London — Norway's Equinor is halting activity at its US shale assets as part of measures to slash spending in response to the oil price collapse, the company said Wednesday.
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All drilling and well completion activities at Equinor's gas-focused US shale assets are being suspended to cut spending and "produce the volumes at a later period", the company said.
The majority of Equinor's US shale production comes from the eastern Marcellus gas play which is targeted at consumers in New York State.
The move, which followed an announcement to suspend share buybacks, is part of a wider 20% cut in organic capex for 2020 to around $8.5 billion from $10 billion-$11 billion , Equinor said.
The company also said it will reduce planned exploration spending this year to $1 billion from around $1.4 billion and cut operating costs by around $700 million compared with original guidance.
"Reductions in organic capex are driven by a strict process of prioritization where flexibility of cost and schedule for sanctioned and non-sanctioned projects have been reviewed," the company said.
Equinor's US onshore operations in the Bakken and Marcellus/Utica shale plays are its biggest producing upstream assets outside Norway.
Before the sale of its Eagle Ford shale assets last December, Equinor's equity production from its US shale business was over 320,000 boe/d, the majority of which came from the Marcellus/Utica play.
The gas-focused shale business had already been struggling due to weak prices. In the third quarter last year it took a $2.24 billion impairment related to its US shale assets after reducing its Henry Hub gas price assumptions significantly.
The state-controlled major gave no detail on how the shale freeze would affect production volumes this year. Equinor had been expecting to grow its oil and gas production by 7%, boosted by the ramp-up of the giant Johan Sverdrup field off Norway.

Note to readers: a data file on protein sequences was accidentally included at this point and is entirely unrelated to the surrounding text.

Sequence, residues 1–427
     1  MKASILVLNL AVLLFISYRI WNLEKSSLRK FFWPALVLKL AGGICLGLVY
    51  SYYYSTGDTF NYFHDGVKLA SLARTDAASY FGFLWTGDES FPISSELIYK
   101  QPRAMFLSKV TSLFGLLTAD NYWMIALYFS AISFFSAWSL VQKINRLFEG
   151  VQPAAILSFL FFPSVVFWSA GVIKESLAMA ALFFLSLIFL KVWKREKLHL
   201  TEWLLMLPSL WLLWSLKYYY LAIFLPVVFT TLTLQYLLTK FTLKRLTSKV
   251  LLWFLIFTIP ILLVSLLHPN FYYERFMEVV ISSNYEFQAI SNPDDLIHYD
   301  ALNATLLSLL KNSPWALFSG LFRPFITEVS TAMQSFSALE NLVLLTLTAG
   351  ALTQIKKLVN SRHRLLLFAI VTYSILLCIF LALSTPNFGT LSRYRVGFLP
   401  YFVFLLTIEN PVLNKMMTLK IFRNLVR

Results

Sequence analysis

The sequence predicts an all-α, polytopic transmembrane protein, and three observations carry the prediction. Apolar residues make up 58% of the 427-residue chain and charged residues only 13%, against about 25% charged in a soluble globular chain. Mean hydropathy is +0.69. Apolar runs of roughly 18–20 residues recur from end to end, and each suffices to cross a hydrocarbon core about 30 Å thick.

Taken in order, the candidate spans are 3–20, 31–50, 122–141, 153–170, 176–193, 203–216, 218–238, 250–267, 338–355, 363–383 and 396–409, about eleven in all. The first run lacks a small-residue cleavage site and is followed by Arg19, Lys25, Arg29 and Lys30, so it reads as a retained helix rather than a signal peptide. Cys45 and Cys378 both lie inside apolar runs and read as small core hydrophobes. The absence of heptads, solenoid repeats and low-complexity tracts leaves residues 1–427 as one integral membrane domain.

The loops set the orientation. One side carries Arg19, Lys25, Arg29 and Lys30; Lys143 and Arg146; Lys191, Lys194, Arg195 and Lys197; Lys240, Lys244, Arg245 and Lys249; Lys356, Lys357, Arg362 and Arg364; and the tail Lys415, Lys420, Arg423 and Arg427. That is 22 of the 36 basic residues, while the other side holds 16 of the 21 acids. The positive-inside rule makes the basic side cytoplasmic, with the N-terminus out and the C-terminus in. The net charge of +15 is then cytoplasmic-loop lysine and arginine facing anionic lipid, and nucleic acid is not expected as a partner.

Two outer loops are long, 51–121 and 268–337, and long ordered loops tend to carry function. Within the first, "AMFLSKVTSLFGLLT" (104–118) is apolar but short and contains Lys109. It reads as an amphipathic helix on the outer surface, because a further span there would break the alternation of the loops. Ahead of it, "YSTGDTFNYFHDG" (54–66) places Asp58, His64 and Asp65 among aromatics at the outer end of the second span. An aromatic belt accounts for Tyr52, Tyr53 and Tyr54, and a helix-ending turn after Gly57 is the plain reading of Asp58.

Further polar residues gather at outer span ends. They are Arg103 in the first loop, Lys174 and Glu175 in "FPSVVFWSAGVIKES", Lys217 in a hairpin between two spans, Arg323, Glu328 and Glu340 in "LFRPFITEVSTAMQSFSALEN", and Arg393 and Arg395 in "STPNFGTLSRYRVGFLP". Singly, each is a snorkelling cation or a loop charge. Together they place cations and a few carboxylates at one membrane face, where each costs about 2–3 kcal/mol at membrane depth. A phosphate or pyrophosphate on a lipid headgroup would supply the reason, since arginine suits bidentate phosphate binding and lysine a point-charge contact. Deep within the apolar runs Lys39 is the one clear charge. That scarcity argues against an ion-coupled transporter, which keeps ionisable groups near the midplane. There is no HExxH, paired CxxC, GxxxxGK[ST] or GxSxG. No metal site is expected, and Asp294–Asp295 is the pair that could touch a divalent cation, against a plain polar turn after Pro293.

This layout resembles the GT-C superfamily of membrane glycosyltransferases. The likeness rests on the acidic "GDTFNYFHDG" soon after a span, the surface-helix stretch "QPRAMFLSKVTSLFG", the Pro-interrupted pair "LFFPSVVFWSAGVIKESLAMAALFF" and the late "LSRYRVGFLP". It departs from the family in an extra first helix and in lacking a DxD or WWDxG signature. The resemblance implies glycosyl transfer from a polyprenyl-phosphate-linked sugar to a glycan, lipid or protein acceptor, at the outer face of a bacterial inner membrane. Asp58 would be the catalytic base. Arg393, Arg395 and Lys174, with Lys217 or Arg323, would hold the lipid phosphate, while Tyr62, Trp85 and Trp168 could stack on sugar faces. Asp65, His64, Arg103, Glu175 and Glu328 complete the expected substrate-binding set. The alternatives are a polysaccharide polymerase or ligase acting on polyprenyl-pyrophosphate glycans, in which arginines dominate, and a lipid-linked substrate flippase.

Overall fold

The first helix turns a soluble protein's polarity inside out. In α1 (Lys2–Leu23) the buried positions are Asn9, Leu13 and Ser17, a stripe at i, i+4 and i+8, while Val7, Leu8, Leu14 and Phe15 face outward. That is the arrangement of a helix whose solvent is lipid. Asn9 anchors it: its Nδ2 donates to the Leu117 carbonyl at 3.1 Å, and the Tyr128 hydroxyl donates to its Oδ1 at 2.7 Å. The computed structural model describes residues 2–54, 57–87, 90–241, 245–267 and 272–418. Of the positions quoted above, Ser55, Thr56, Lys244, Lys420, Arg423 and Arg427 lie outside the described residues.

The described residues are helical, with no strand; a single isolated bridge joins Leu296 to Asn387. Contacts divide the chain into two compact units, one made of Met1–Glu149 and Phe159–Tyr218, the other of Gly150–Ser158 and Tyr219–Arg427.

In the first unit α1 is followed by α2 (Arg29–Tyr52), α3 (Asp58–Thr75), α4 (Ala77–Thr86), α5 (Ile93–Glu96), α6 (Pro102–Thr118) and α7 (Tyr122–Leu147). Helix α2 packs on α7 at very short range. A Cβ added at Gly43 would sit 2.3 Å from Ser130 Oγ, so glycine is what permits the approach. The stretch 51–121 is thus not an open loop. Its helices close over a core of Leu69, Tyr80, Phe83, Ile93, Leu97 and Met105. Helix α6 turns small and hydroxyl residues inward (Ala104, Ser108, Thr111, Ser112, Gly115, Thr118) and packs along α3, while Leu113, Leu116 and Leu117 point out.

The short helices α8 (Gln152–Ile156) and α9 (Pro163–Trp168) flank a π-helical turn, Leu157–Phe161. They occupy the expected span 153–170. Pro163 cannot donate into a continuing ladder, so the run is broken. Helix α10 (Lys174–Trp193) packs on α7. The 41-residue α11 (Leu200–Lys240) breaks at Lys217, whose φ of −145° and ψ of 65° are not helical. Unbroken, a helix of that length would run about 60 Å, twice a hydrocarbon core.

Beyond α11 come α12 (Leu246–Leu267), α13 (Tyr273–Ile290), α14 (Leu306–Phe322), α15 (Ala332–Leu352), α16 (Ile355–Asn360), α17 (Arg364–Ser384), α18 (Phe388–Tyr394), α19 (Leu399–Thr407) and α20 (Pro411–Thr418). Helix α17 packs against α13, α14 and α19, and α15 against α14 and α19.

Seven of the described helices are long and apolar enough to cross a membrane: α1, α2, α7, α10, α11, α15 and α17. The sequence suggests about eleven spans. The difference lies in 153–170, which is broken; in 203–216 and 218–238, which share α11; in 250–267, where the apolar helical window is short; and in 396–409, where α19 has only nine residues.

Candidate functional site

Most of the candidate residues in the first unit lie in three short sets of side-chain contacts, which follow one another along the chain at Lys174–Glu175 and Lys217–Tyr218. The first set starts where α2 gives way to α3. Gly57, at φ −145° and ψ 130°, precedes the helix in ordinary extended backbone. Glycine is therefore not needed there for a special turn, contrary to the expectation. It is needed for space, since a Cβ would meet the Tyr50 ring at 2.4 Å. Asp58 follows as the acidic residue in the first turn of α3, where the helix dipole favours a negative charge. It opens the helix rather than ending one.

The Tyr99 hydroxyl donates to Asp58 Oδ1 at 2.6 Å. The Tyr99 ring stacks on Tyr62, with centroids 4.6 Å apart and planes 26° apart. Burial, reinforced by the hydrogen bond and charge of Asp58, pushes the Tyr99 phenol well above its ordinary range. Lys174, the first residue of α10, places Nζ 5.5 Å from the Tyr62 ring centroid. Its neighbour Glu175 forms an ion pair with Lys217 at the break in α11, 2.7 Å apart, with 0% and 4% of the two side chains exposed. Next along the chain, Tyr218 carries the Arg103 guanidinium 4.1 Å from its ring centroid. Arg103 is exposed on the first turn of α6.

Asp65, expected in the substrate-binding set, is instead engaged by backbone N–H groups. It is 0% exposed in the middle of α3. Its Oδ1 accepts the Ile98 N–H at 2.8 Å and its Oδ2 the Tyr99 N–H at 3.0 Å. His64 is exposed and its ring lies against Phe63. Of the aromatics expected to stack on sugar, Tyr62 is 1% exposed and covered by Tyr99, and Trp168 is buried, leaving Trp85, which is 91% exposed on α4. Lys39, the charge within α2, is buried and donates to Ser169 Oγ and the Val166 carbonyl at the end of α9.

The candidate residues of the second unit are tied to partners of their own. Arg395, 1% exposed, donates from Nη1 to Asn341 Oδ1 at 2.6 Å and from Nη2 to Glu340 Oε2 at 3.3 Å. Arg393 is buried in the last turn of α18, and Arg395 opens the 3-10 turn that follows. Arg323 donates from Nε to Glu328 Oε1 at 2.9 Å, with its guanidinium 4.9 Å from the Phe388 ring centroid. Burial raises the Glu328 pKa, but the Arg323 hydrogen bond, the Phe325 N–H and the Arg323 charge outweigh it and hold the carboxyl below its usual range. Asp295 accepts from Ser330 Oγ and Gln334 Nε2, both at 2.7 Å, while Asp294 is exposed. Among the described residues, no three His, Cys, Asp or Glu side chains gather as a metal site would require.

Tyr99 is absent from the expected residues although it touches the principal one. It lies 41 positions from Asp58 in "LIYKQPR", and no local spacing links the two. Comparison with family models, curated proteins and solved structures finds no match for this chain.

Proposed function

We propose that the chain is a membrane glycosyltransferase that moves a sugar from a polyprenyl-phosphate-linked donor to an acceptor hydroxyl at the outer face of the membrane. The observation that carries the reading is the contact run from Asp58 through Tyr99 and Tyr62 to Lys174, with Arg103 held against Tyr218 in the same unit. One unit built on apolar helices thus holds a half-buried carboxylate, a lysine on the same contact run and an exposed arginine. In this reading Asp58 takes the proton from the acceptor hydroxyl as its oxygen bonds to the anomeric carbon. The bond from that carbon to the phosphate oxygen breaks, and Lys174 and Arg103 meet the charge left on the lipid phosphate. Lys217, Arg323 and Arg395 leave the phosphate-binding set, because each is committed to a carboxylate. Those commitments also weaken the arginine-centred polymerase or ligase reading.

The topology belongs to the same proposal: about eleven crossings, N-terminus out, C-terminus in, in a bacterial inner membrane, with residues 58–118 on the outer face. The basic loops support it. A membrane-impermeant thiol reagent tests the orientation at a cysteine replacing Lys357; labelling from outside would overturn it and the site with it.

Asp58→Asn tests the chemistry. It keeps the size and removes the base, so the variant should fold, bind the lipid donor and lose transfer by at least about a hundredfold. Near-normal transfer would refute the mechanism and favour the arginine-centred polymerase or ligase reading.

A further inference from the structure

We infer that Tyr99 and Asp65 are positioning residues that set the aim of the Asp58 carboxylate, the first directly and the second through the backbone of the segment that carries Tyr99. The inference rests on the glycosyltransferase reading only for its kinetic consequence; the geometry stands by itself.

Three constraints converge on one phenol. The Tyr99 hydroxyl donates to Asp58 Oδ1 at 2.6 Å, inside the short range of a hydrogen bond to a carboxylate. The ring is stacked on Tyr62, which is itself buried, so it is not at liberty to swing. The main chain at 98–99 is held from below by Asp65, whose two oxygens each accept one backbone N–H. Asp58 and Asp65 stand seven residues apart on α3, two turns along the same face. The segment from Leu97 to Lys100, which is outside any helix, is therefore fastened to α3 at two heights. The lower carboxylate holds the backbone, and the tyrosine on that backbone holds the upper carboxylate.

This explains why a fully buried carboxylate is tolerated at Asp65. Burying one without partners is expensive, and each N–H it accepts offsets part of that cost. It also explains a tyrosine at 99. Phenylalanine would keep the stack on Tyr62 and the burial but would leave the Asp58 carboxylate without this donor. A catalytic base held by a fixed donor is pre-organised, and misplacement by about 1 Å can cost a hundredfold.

With the new measures, Equinor said it can be organic cash flow neutral before capital distribution in 2020 with an average oil price around $25/b for the rest of the year.
Crude prices have more than halved to below $30/b since the start of the year as a result of the coronavirus demand hit and the breakdown of the OPEC+ supply agreement.
Swathes of US shale producers have announced budget reductions over recent weeks with North American producers slashing their 2020 capital spending plans by an average of at least 30% just this month.
"Equinor is in a strong financial position to handle market volatility and uncertainty," CEO Eldar Saetre said. "Our strategy remains firm, and we are now taking actions to further strengthen our resilience in this situation with the spread of the coronavirus and low commodity prices."
Saetre said Equinor has implemented measures to reduce the risk of spreading the coronavirus and has been able "so far" to maintain production at all its fields.
Assuming Equinor's updated capex guidance and opex savings targets, the Royal Bank of Canada said it estimated Equinor's pre-dividend break-even was now $31/b in 2020, with break-even including dividends at $49/b.
Source: Company filings